- Control over the television–kids can’t watch the shows you do, and studies show that too much screen time turns them into gremlins anyway, so you are basically abusing them by letting them watch television
- You can have nice things when you don’t have kids, otherwise they destroy everything
- Swearing/Language (say what you want, when you want)
- Pooping with the door closed
- Disneyland (and other theme parks, Chucky Cheese, et al) is torture and a money pit
- Say goodbye to your own friends, and say hello to the parents of your children’s friends
- Chaotic and loud home (versus the quiet, peaceful one)
- Complete and total loss of understanding of global events, politics, current issues
- Time for self-care and the energy to do so
- No free to travel when you want, where you want
- Forget eating a real meal in peace
- More trips to the grocery store (I’m always out of milk)
- Wrinkles and gray hair
- Housework (cleaning, laundry, home repair)
- Chronic Fatigue
I’m not saying that every second of having a baby is all of these things. But I am speaking as a person who has children, not as a person who doesn’t want to have kids. I can attest that much of the time spent raising kids, especially newborns and young babies, is very, very hard work. Very little of what we do is suitable for Instagram.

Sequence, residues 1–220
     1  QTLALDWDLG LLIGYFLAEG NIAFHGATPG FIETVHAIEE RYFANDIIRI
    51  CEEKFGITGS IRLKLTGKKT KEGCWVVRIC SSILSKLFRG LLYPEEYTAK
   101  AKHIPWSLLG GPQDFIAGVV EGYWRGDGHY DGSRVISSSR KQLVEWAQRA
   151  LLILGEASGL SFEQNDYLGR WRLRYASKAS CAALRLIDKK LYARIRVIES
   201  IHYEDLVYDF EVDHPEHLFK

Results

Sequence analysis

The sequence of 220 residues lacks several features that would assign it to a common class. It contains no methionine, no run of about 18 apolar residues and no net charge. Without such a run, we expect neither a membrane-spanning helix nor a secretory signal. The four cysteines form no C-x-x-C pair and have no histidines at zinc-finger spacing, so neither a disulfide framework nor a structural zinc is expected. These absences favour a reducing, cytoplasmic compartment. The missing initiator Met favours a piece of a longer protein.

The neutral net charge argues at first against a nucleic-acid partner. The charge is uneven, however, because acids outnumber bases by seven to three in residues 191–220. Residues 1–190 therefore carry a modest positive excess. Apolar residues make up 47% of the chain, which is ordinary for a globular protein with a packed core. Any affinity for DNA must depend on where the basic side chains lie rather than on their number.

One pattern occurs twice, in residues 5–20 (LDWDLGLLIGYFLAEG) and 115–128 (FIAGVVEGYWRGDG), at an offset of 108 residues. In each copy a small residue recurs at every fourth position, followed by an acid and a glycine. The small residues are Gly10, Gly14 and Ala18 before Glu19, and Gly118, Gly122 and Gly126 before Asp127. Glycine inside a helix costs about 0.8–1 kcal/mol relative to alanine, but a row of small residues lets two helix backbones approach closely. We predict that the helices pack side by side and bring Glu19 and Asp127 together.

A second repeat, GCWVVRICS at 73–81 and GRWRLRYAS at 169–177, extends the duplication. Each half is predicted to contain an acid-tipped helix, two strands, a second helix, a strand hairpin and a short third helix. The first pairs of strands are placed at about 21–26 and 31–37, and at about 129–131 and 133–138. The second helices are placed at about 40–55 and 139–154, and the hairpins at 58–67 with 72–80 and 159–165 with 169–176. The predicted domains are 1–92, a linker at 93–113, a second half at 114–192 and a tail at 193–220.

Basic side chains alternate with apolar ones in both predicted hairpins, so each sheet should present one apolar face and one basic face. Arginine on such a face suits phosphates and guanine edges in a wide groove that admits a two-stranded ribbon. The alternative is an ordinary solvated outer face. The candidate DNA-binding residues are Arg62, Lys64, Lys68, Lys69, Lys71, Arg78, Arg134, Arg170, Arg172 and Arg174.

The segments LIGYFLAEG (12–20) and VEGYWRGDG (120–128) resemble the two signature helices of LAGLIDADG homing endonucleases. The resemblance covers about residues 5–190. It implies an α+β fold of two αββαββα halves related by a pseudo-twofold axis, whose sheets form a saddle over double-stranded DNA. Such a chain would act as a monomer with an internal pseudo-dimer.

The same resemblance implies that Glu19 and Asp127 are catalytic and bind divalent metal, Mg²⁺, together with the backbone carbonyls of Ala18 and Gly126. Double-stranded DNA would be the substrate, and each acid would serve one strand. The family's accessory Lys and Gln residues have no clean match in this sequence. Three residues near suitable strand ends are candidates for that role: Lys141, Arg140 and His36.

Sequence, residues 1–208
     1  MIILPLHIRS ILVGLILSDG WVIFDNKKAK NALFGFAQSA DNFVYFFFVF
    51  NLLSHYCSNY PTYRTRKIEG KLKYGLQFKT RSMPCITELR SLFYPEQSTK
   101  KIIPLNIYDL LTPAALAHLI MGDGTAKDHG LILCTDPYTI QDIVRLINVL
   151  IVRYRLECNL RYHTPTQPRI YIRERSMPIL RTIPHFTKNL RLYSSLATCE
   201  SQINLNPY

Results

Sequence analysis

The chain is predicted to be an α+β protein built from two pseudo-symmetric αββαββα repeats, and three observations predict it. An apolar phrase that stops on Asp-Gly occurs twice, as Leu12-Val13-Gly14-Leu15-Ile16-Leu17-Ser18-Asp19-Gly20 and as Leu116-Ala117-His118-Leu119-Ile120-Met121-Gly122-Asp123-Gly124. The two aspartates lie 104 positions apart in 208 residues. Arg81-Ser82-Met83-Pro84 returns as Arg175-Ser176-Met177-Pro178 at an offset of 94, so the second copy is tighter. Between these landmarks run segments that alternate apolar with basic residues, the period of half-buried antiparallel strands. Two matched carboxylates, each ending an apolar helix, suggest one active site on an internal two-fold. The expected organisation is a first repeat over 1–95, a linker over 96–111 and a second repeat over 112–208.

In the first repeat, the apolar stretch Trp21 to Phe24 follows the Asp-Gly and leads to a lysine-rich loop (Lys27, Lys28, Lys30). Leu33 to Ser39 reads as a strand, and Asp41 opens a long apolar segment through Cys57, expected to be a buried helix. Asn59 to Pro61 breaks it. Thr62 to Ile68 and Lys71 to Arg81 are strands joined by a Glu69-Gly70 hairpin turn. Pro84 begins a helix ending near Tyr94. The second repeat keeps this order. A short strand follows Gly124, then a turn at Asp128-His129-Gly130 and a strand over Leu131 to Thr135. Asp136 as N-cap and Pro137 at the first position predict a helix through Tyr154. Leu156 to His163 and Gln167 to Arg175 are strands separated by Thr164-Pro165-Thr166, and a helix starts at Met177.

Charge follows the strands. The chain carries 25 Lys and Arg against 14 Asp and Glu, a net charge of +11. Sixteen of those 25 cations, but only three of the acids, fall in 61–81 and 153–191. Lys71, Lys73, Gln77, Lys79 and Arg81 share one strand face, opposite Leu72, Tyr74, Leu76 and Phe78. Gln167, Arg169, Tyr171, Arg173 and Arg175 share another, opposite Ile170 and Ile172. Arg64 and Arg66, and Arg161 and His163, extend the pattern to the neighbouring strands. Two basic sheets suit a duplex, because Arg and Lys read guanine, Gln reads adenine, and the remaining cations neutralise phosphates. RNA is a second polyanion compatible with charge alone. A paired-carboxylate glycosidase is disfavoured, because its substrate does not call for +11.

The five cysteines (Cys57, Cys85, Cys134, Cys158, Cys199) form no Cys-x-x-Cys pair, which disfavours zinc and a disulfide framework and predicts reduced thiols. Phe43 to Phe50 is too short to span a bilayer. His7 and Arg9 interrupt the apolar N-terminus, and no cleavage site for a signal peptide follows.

Do you have a baby and hate him? You are not alone.
The article above was mostly about how challenging it is to have a baby, written for people who don’t have one. But what if you are a woman who already has a baby, and is hating every minute of it? Please don’t get down on yourself, if this is you. It is very common for women (and fathers too) to experience negative feelings about and towards their babies.
There are many reasons for this. You are probably sleep deprived, and lacking in good food and self-care. It is likely that you are overwhelmed, and still rushed with hormones. Or maybe postpartum depression, postpartum rage, or postpartum anxiety are at fault.
I don’t say this to minimize how you feel, because I have been there. Instead, I want to point out that there can be innumerable reasons for why you feel the way you do, and while you feel very negatively towards your child at this moment, you may not always feel this way.
As the fog of new parenthood lifts as the baby gets older, I won’t tell you that things get easier. Sometimes they do, but sometimes it doesn’t. But you learn how to cope with the challenges over time, or you find ways to get through it. In turn, you feelings towards your baby tend to change as well.
As the child learns to do more for himself, you may resent him less, especially as you find a way back to some of the bits and pieces of yourself that you thought you lost.
Thanks for reading! If you like this article, you should check out another article from one of our many community contributors
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Emily Anderson is a mother of three children, ages 8, 6, and 3. Located in the Pacific Northwest of the United States, Emily is a full-time mom and part-time blogger, jumping in front of the screen when the kids are occupied. She can be reached through the Contact Us page.